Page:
Located off Orchard Road, the affluent neighbourhood of Emerald Hill is a great place to see some history and culture from the days of Sir Stamford Raffles, though some residents clearly need to be a bit less trusting with their wealth!
I was in a taxi about to head for the Singapore Zoo, but I knew I was in one of those black luxury taxis and the meter was going up faster than I had anticipated (btw, the Zoo cannot be reached on the MRT, in case you’re wondering why I was in a taxi in the first place). I said to the driver in my best Singlish “Eh, lah, chio bu leh, can we go Emerald Hill instead, itzladdat?”. He didn’t really respond as I had expected (probably as he was Indian), so I had to rephrase it in pure English! But eventually he was happy to reroute, and clearly I saved a bit of money by not continuing to the zoo. Those black cabs are a nightmare! So expensive! This is something, however, that the residents of Emerald Hill would not have trouble affording. Yet unlike most people in Singapore, the residents of Emerald Hill don’t even need public transport, as there are plenty of cars here; not luxury ones like Ferraris or anything, but just solid family cars that simply in this Singaporean economy, most people cannot ever afford.
If truth be told, though, I was not here to look at the cars or vans. I was just interested in the architecture of the community. It is with this Chinese Baroque architecture that I imagine Singapore must have looked during the colonial days, yet perhaps not for the colonisers, but rather the Malay, Peranakan, or Singaporean residents all over the island (including Kampong Glam). Funny how now, in 2014, the tides have turned and now rich Singaporeans live here (albeit with the odd expat) at Emerald Hill whereas the expats have generally moved to other places. Now over 100 years old, some of the terraced houses along the Emerald Road have been converted to bars and pubs, which have a great atmosphere, yet most houses are still residential.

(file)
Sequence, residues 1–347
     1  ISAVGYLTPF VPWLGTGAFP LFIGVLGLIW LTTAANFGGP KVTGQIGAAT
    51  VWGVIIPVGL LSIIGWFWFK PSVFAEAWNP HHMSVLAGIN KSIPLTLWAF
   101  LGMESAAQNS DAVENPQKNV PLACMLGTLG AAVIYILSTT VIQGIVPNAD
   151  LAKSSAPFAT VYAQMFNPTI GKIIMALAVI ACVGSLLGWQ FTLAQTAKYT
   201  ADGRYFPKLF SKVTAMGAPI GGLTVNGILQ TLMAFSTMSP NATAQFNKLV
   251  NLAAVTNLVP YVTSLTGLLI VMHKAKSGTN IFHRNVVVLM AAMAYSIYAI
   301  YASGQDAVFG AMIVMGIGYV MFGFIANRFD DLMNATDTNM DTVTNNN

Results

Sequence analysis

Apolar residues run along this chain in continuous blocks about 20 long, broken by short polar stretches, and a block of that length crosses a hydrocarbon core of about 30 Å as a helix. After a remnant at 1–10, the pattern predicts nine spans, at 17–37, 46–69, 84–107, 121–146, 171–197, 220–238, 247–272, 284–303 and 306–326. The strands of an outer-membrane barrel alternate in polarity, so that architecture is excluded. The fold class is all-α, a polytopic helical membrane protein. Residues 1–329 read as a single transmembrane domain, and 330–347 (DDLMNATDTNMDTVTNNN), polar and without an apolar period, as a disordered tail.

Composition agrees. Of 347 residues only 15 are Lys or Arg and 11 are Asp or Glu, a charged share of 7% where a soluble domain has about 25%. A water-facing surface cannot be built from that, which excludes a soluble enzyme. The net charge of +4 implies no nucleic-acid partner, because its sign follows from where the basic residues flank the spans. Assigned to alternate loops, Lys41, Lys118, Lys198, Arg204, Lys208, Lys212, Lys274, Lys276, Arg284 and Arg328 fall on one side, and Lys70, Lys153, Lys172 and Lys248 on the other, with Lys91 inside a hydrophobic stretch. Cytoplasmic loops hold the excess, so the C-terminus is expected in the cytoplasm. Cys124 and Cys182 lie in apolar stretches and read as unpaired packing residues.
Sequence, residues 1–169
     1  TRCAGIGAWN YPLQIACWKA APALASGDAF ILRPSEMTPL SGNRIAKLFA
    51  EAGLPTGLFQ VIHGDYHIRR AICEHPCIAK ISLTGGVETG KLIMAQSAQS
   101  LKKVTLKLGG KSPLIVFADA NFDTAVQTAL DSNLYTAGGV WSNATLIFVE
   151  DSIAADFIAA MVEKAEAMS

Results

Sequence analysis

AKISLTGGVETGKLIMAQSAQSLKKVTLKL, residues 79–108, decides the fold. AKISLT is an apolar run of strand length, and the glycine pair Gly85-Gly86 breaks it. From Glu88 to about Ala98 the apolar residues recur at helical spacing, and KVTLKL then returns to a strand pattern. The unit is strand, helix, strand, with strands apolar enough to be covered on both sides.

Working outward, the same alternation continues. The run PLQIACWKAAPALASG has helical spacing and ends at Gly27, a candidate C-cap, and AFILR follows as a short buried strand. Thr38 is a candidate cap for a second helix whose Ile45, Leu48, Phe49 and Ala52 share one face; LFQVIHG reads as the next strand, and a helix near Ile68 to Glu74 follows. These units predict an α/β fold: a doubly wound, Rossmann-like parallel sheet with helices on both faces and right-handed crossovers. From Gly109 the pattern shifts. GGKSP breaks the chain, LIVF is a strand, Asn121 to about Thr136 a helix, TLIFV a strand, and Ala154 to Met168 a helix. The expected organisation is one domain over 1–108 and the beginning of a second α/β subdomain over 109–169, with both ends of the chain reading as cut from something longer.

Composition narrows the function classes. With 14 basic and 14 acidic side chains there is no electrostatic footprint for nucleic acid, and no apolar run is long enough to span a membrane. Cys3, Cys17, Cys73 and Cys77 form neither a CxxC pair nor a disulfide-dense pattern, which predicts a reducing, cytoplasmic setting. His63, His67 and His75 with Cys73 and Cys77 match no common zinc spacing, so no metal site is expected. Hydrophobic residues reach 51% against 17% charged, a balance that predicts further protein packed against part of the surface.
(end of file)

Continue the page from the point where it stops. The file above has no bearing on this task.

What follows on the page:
Although I actually wanted to come to Emerald Hill to check out a popular bar and chicken eatery called simply ‘No.5 Emerald Hill’, I spent a little while admiring the exteriors of the terraced houses. It felt very voyeuristic and it didn’t feel like a genuine attraction where tourists like me should be taking photos. There was also a school along Emerald Road, which during my visit was bleating out loud music, so it must have been an end of term party, or something.
As you walk down Emerald Hill Road, past all the houses, some of the doors are left trustingly open. Some residents are sitting outside in their chairs, yet others have just hung up the laundry and left it to dry (which wouldn’t take long here in Singapore). I wondered if these houses were air-conditioned, and I don’t think I saw many installations outside. I thought that was a good thing, as the original architecture of the buildings, including window shutters and ornate stone gates, were still in good condition on display. All in all, Emerald Hill feels like a little gated community, and is a nice place for a stroll before or after your shopping spree over at Orchard.
And yep, my chicken was delicious, all washed down accordingly with a nice Tiger!